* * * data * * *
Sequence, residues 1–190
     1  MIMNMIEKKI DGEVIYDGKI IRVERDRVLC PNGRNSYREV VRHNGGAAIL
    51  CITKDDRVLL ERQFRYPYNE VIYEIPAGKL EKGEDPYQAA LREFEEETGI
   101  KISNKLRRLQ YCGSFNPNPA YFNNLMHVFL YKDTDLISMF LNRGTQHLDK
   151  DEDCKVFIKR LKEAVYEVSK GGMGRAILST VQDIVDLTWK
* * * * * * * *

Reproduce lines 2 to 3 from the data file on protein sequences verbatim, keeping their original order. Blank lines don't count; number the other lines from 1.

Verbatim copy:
     1  MIMNMIEKKI DGEVIYDGKI IRVERDRVLC PNGRNSYREV VRHNGGAAIL
    51  CITKDDRVLL ERQFRYPYNE VIYEIPAGKL EKGEDPYQAA LREFEEETGI